When Cancer Extends Beyond the Prostate
At the time of radical prostatectomy, some men are found to have what’s called “extraprostatic extension,” or EPE — cancer that extends slightly beyond the prostate. A new study shows that for the vast majority of men, this does not increase the risk of dying from prostate cancer. “Overall, these men have a better prognosis following surgery compared to men with prostate cancer invasion into the seminal vesicle or lymph node involvement,” says urologist Misop Han, M.D. “However, their clinical course following surgery is variable, so that it is challenging to give advice to these men about additional therapy.”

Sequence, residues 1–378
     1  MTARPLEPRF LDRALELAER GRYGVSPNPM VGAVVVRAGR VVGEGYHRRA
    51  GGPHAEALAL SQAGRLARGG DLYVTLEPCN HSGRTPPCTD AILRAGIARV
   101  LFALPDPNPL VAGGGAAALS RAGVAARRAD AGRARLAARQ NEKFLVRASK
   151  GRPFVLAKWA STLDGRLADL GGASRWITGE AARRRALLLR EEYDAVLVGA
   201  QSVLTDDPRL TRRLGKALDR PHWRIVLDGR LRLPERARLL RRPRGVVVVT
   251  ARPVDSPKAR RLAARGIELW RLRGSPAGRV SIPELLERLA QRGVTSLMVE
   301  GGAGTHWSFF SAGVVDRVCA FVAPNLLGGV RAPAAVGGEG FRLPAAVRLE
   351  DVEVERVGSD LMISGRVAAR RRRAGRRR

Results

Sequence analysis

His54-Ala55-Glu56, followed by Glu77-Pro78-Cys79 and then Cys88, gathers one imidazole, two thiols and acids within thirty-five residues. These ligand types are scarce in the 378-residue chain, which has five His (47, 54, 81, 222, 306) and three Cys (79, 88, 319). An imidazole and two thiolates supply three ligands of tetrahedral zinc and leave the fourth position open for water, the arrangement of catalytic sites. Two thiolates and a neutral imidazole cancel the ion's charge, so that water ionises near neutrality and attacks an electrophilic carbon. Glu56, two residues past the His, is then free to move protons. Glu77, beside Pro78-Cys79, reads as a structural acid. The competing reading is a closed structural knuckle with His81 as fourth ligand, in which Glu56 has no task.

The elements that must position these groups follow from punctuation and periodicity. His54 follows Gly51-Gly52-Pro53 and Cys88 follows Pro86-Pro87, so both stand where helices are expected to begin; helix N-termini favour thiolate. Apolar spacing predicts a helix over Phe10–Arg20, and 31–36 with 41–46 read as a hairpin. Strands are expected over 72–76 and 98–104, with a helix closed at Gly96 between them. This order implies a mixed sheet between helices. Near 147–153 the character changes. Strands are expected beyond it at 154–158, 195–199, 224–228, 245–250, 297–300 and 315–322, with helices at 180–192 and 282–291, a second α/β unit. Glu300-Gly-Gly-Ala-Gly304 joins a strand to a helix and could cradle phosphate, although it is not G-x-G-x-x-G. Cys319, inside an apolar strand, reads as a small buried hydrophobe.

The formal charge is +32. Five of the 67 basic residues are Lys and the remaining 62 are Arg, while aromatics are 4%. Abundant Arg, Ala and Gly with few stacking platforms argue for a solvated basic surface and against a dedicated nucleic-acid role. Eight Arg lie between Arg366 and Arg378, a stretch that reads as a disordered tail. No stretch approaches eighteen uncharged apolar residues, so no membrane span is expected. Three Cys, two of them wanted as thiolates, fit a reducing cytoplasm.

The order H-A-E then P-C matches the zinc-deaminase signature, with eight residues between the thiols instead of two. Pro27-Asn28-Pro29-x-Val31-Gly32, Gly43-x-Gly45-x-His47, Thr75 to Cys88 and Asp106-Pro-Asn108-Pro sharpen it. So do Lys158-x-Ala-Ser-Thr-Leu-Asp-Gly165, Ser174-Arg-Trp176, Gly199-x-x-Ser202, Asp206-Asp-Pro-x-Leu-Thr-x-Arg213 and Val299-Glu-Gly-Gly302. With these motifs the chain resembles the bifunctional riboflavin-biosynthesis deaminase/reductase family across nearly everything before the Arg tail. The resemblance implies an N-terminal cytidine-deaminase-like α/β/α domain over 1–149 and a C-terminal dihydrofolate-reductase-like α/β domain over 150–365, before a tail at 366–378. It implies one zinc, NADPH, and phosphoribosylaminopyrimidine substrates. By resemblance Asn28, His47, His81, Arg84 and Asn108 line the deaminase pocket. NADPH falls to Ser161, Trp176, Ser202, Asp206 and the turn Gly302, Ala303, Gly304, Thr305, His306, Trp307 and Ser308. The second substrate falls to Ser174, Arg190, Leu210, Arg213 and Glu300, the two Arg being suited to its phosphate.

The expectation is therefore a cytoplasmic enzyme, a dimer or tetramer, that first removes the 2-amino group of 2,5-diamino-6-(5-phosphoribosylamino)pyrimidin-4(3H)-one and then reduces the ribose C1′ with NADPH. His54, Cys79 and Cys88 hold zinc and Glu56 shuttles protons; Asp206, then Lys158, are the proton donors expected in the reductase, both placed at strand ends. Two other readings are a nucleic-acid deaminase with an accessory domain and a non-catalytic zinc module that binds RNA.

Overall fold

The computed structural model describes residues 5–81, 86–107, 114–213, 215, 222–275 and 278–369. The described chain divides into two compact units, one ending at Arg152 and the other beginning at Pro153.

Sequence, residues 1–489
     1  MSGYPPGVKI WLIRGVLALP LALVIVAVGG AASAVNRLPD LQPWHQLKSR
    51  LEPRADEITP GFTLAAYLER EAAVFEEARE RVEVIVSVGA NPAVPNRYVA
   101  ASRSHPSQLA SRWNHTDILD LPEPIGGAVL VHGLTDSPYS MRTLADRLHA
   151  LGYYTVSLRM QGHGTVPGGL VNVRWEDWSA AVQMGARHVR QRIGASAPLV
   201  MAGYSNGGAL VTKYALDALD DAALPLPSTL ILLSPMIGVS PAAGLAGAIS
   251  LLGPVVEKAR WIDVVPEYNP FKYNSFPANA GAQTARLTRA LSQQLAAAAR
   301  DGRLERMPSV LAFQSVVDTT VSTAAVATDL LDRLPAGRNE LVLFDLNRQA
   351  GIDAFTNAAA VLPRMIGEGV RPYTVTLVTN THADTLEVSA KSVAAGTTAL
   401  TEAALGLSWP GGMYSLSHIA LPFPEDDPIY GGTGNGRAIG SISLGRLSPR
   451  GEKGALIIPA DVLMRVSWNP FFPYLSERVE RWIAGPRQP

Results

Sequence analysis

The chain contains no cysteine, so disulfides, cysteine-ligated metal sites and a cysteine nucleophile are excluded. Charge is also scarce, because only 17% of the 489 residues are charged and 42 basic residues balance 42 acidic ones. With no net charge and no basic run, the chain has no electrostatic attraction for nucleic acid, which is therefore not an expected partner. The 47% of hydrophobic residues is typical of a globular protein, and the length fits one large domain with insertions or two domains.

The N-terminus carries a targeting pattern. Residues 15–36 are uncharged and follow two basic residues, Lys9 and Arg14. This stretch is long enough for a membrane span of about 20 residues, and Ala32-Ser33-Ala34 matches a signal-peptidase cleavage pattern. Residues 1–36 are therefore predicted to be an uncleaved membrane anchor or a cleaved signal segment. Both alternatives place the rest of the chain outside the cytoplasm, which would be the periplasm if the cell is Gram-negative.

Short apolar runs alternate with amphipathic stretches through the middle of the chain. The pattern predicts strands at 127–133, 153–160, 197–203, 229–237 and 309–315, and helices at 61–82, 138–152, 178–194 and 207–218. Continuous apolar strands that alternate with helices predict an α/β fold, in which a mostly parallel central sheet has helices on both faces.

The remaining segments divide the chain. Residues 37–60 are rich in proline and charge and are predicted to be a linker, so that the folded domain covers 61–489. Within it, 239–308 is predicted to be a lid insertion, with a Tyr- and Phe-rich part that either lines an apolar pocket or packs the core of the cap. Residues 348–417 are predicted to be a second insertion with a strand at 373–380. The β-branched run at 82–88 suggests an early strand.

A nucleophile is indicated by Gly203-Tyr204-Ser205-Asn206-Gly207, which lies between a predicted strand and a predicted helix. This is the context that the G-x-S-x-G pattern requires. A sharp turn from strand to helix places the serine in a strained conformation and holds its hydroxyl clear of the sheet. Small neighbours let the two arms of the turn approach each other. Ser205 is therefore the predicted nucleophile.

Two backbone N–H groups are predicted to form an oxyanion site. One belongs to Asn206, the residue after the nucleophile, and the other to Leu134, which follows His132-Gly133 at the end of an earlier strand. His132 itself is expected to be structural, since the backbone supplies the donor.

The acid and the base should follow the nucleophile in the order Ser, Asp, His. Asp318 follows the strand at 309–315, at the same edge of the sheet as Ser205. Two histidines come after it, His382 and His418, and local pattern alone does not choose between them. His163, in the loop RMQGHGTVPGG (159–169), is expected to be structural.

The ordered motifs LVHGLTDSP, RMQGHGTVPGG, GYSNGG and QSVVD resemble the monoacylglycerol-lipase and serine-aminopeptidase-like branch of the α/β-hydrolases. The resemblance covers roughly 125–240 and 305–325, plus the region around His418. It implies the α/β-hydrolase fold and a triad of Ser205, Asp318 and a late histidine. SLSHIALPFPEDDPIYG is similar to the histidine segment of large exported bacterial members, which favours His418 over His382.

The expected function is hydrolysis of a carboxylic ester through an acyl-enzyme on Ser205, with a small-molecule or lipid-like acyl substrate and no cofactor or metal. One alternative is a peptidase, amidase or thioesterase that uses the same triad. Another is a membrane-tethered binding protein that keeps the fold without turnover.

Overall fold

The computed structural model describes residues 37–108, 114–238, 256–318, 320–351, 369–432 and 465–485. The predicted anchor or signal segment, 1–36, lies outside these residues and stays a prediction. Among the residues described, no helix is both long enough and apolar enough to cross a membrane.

Using the large radical prostatectomy database at Johns Hopkins, Han, Associate Professor of Urology and Oncology, and pathologist Jonathan Epstein, M.D. the Reinhard Professor of Urologic Pathology, recently studied whether the extent of EPE affects the long-term outcome after surgery. They found that men with a small amount of EPE are less likely to experience recurrence following surgery compared to those with a larger amount of EPE. “Fortunately,” says Han, “the chance of dying from prostate cancer in men with EPE was very small regardless of the extent.” However, based on these results, Han and Epstein concluded that men with a larger amount of EPE are at increased risk for recurrence and should consider additional therapy following surgery. The study’s results were published in European Urology.
“Fortunately, the chance of dying from prostate cancer in men with EPE was very small regardless of the extent.”